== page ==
Peritoneal Dialysis and the Kidneys continued...
Before your first peritoneal dialysis session, you will need surgery so that your doctor can create access into your abdominal area. The surgeon will make a small surgical cut, most often to the side of your belly button. A plastic tube called a catheter is inserted through this access into the area surrounding the stomach and nearby organs. This is called the peritoneal cavity.
When it is time for dialysis treatment, you will place a cleaning solution called dialysate into the catheter. Your health care team will show you how.
A peritoneal dialysis treatment will consist of three steps:
- Fill: The dialysis solution flows through the catheter into your belly.
- Dwell: Waste products and extra fluid in your blood pass through the thin tissue lining the peritoneal cavity and are pulled into the dialysis solution. The amount of time the dialysis solution is in your belly is called the "dwell time." Dwell times may range from four to six hours.
- Drain: The wastes and extra fluid are removed from your body when you drain the dialysis solution.
The draining and filling process, called an exchange, takes about 30 to 40 minutes. You may need four exchanges a day. There are two main types of peritoneal dialysis. Each has a different exchange schedule.
- Continuous Ambulatory Peritoneal Dialysis (CAPD). This type of dialysis is done without a machine. You place the dialysis solution into your catheter and go about your everyday activities or sleep. It is done four or five times a day.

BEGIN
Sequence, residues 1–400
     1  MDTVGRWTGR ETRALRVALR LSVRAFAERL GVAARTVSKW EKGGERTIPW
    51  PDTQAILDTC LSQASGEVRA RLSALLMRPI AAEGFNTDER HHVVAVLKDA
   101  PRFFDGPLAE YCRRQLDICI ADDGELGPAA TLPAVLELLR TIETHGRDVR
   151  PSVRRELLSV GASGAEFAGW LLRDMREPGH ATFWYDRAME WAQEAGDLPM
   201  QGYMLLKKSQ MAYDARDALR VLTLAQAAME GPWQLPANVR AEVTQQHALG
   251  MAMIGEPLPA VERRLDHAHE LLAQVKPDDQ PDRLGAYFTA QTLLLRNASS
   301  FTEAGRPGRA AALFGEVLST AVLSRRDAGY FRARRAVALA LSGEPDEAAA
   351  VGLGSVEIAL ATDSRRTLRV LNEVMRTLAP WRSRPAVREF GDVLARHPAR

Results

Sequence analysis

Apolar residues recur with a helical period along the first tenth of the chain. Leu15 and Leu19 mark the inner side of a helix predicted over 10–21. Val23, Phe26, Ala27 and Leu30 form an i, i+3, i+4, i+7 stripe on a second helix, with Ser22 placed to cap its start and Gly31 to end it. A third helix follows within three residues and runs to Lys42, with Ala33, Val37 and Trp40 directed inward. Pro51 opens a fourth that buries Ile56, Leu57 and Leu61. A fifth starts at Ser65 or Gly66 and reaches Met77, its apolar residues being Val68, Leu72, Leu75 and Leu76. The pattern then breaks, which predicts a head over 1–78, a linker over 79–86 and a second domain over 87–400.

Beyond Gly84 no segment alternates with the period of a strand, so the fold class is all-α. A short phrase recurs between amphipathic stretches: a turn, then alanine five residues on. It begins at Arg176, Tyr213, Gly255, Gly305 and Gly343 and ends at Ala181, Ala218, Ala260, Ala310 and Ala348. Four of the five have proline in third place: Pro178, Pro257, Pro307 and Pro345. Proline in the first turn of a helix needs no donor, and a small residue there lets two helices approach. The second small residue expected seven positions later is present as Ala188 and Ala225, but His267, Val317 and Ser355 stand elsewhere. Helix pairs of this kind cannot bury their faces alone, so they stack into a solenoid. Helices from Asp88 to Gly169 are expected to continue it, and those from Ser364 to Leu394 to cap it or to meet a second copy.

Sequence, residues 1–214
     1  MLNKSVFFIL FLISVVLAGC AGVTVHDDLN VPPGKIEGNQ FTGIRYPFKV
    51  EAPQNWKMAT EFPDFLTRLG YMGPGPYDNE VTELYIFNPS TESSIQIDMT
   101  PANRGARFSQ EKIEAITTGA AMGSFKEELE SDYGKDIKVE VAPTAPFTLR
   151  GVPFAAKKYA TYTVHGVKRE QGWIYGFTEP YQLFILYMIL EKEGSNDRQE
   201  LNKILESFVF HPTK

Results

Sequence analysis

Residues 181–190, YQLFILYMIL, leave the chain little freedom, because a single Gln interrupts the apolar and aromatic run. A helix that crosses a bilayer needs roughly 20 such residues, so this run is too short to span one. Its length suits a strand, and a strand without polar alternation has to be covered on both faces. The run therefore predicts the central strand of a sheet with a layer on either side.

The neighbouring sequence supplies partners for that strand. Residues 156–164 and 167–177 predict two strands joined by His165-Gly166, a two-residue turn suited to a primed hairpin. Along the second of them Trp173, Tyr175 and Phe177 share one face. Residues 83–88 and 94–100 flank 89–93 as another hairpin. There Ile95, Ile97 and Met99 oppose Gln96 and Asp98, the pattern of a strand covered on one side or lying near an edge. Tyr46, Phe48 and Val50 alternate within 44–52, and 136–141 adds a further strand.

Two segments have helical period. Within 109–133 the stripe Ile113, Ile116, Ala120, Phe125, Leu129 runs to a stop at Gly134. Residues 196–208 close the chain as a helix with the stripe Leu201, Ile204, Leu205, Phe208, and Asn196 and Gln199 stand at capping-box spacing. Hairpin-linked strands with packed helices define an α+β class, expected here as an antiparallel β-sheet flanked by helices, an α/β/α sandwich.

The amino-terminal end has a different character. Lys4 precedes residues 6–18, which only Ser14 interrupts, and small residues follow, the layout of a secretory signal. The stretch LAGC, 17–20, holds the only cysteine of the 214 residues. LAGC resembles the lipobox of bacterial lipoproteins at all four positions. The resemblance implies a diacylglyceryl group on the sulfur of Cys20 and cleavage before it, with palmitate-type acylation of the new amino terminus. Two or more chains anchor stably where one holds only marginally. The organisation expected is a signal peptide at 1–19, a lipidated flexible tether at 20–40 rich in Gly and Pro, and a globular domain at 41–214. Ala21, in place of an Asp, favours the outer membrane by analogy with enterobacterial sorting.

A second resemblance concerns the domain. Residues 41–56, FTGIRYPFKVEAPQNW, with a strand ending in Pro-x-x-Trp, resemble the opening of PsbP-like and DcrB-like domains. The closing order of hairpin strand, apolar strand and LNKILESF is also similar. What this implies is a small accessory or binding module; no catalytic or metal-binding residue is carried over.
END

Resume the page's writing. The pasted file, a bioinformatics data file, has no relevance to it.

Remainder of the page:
- Continuous Cycler-assisted Peritoneal Dialysis (CCPD). This type of dialysis uses a machine called a cycler to fill and drain the solution from your belly, usually while you sleep.
Who Needs Kidney Dialysis?
Kidney dialysis is a necessary treatment for people with end-stage kidney disease or permanent kidney failure. You need dialysis if you've lost about 85% to 90% of your kidney function. Temporary dialysis may be needed in some cases.
Hemodialysis is most commonly used to treat people with end-stage kidney disease. However, children who need dialysis usually receive peritoneal dialysis.
What Should I Expect When on Kidney Dialysis?
The kidney dialysis treatment itself usually does not cause any pain or discomfort. However, some patients may develop low blood pressure, which can lead to headache, cramping, nausea, and vomiting. This usually goes away after a few treatments.
If you are on dialysis, you may also feel like:
- You have less energy. Dialysis can cause you to feel tired.
- You are depressed. Depression is a common problem among many patients on dialysis, but it can often be treated. Talk to your health care provider if you are feeling depressed.
- You may also feel like you have less time to get things done. Kidney dialysis requires strict scheduling and adjustments to lifestyle, which can disrupt your ability to work or enjoy everyday activities. This may be frustrating for you or your family. Counselors may be able to help you cope.